Starring: Amy Poehler, Bill Hader, Lewis Black
Directed by: Pete Docter (“Up”) and Rolando Del Carmen (debut)
Written by: Pete Docter (“Up”), Meg LeFauve (debut) and Josh Cooley (debut)
In its most thematically rich film of the last few years, Pixar Animation Studios returns to form with “Inside Out,” a lively and heartfelt movie that proves the studio probably workshops much bigger ideas than casting Larry the Cable Guy as a rusty old pick up. While “Inside Out” might be a bit too complex narratively for the youngest of moviegoers (“Eternal Sunshine” for kindergarteners, perhaps?), there is still enough silliness mixed with the more serious issues to push this Pixar project ahead of schlock like “Cars” or overrated Oscar winners like “Brave.”
In “Inside Out,” Pixar veteran director/writer Pete Docter (“Up”) and newbie screenwriters Meg LeFauve and Josh Cooley dive deep into the thoughts and emotions of a child by bringing each of these emotions to life through a cast of colorful characters. They may not be as memorable as those in the “Toy Story” franchise, but Pixar does a great job in “Inside Out” casting the voices of the five lead roles – Joy (Amy Poehler), Sadness (Phyllis Smith), Fear (Bill Hader), Anger (Lewis Black), and Disgust (Mindy Kaling). By anthropomorphizing each emotion, “Inside Out” cleverly attempts to explain just how a child’s mind functions without getting too caught up in the psychological intricacies.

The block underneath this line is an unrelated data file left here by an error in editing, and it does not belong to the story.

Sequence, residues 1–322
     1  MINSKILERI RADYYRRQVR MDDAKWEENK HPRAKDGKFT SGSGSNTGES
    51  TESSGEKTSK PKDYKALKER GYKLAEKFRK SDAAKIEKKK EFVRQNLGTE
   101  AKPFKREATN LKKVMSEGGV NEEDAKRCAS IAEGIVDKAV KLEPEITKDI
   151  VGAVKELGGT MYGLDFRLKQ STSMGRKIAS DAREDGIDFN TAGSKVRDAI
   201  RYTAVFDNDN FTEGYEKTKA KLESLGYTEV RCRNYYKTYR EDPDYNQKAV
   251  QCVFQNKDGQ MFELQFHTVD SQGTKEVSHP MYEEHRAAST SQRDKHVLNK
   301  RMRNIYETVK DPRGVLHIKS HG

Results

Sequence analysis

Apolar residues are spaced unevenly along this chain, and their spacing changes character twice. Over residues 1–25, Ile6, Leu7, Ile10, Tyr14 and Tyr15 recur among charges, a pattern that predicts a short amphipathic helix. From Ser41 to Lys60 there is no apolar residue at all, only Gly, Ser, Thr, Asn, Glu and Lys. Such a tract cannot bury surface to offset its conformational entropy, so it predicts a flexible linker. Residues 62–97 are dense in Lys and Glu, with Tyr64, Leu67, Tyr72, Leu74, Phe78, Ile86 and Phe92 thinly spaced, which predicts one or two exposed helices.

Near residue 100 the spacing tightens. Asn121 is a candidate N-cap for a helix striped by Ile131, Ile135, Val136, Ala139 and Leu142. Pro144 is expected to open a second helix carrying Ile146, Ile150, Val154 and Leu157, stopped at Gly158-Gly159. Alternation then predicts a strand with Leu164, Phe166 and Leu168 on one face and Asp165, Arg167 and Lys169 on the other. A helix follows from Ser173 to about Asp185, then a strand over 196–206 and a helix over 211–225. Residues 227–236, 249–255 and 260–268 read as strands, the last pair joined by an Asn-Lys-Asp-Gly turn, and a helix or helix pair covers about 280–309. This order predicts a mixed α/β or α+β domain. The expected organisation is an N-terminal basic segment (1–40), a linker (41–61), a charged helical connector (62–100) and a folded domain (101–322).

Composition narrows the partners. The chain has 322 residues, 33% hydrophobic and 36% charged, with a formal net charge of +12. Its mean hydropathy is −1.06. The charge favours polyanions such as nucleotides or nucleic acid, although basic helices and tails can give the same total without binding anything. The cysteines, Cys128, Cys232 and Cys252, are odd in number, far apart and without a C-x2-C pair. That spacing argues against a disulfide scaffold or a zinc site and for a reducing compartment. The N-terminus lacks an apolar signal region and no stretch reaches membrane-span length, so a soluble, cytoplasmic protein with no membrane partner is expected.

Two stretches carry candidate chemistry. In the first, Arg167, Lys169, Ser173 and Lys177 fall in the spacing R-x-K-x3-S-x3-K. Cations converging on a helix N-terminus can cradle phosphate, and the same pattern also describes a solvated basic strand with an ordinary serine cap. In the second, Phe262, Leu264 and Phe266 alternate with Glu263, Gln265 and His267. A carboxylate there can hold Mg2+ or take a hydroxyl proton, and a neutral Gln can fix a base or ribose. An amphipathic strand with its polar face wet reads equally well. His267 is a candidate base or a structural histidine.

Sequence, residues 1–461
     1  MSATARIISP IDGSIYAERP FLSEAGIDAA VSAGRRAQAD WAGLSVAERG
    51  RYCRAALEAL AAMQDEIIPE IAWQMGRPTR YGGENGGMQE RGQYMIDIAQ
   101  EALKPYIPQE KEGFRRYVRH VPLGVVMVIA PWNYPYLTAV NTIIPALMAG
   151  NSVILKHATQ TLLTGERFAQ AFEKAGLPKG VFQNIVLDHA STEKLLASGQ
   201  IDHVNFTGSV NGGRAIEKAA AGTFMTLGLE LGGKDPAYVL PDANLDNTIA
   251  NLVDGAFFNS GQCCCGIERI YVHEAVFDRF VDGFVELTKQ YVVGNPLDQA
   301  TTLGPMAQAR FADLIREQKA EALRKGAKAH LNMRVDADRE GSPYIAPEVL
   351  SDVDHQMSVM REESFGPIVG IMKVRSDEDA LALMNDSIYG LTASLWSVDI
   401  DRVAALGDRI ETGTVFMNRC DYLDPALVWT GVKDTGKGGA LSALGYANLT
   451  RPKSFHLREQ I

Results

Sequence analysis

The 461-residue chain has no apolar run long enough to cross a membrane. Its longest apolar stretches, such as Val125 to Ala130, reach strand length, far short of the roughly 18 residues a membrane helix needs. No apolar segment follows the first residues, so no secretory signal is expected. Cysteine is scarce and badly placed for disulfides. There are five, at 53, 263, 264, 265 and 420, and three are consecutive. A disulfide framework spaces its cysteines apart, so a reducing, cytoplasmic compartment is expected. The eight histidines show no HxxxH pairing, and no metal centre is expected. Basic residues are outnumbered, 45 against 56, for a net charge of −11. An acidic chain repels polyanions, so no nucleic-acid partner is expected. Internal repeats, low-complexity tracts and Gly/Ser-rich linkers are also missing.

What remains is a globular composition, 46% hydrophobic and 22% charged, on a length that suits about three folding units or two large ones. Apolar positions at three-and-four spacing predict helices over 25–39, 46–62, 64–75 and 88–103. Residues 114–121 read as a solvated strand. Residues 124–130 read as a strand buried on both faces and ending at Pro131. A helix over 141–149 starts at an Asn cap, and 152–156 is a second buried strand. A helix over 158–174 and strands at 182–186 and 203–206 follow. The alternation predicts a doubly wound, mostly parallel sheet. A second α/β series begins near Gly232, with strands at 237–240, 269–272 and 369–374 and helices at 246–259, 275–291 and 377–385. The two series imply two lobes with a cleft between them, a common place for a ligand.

Here, we follow a young girl named Riley (Kaitlyn Dias), who is uprooted by her parents and moved to San Francisco when her father gets new job. Depressed about having to leave all her friends behind, we watch from the inside of Riley’s head as she comes to terms with her new life and how her five main emotions (joy, sadness, fear, anger, and disgust) control her mood and personality in her new environment. When Joy and Sadness are accidentally lost inside Riley’s subconscious, the two emotions must find their way back to the “Control Room” where they can help Riley manage her feelings. Along the way, they must confront Riley’s memories, some of which are fading as she transforms from little girl to young lady.
Much like “Toy Story” and the idea that all childish things must be put away once we reach a certain age, “Inside Out” captures that same kind of emotion that will give older kids the chance to think about the way they react to certain things in their own lives. There is a message here about how emotion isn’t monotone that is important for moviegoers of all ages. It’s nice to see Pixar finding that sweet spot between entertainment and inspiration again.